The benchmark U.S. stock index rose 0.2% to close at 3389.78, surpassing its prior record of 3386.15 from Feb. 19 and erasing a historic plunge during February and March that ended the longest-running bull market in history. The S&P 500 is now up 4.9% this year. Could these be the reasons why this is occurring?

  1. The stock market is forward-looking: Investors are betting on what the world and the economy look like in 12 to 18 months from now, not what they look like today, tomorrow or this fall
  2. The big get bigger: Much of the stock market’s success has been the result of a run-up in value for a few big technology companies — including Apple, Amazon and Microsoft — that make up a large share of the index. And retailers like Walmart and Home Depot are growing in part because small businesses have closed, allowing the bigger companies to take even more market share.


  1. Betting on a vaccine: Given the daily headlines about the potential for a vaccine, investors want to be invested in the market when the news comes that there is a genuine vaccine, on the assumption that it will send stocks even higher.


  1. The only game in town: With the Federal Reserve planning to print money for the foreseeable future, investors do not want to be in cash or bonds, which are steadily losing value. So where else can they put their money? The stock market has become a default.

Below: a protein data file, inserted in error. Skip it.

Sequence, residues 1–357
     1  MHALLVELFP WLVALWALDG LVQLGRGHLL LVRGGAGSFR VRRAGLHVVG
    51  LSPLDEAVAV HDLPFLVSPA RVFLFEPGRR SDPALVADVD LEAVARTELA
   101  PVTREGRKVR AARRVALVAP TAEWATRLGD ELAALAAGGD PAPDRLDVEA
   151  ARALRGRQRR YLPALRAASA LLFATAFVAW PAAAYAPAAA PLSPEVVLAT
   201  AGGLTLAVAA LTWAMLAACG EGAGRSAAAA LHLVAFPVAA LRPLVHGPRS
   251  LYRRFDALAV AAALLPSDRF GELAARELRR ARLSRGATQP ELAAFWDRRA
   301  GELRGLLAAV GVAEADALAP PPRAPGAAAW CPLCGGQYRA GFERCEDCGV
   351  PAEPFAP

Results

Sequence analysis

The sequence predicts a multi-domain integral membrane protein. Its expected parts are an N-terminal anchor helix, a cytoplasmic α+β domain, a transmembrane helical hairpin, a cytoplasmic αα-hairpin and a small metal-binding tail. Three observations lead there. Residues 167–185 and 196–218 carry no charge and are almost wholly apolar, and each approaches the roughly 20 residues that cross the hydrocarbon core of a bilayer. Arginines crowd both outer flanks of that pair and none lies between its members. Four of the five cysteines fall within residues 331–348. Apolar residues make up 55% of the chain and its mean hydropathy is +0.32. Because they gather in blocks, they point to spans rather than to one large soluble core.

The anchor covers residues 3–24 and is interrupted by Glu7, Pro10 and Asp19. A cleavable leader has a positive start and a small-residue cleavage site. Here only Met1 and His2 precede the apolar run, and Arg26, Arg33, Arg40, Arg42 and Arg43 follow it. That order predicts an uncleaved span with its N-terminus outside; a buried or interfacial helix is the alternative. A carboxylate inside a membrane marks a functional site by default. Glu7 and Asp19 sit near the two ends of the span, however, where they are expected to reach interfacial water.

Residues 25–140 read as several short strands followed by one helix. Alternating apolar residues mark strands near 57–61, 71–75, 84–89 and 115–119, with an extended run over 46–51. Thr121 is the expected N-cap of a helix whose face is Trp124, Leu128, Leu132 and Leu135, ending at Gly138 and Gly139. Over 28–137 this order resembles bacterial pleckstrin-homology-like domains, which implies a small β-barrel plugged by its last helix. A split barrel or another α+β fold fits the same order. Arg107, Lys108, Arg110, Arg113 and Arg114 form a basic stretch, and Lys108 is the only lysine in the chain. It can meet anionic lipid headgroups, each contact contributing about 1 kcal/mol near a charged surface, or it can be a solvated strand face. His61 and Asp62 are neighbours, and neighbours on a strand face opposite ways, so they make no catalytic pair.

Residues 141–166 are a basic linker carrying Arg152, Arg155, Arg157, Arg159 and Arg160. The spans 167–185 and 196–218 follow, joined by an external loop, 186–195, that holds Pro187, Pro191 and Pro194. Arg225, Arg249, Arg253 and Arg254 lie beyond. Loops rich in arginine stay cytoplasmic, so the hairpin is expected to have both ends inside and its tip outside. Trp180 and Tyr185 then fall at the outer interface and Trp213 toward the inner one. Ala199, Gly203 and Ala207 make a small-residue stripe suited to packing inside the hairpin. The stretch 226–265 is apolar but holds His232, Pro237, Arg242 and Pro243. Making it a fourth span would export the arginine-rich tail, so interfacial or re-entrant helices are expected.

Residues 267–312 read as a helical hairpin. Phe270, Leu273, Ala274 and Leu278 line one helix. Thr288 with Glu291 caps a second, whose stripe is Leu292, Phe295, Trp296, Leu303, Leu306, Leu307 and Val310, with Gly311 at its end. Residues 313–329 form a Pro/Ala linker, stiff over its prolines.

1. Help from Washington: As dysfunctional as Congress has proved to be, investors are betting that Republicans and Democrats will find a way to keep plying the economy with stimulus. (Anecdotal stories suggest some Americans have even taken their $600 unemployment checks and invested them in the stock market.)

Good News if You’re Looking to Sell

Suburban homes are suddenly selling fast as agents say the long-lingering pandemic has people thinking their homes are too small and have too little outdoor space to suit the new all-at-home lifestyle.

All over the suburbs, homes have been selling fast in recent weeks, at assorted price levels. Historically low interest rates are also a big factor. It is not only that the spring market shifted to summer, but the prolonged crisis has shaken even more households out of the space that worked for them before the crisis.

Fueling the fast sales is the lack of inventory at a time when buyers are stalking the market. Many potential sellers fear either having virus-carrying strangers walk through their homes or going to check out homes for sale that might be infected, so they have postponed putting their homes on the market.

HUD Extends Eviction Ban

The Department of Housing and Urban Development will extend a ban on evictions and foreclosures for homes backed by the Federal Housing Administration through the end of the year. The ban applies to the roughly 8.1 million homeowners with single-family mortgages insured by the FHA, a HUD agency that backs loans to low- and moderate-income borrowers.

HUD’s move only covers FHA mortgages, not those backed by Fannie Mae and Freddie Mac, the government-run companies that guarantee about half of the U.S. residential mortgage market. Thus, it involves far fewer homes than did the four-month eviction moratorium that lapsed at the end of last month.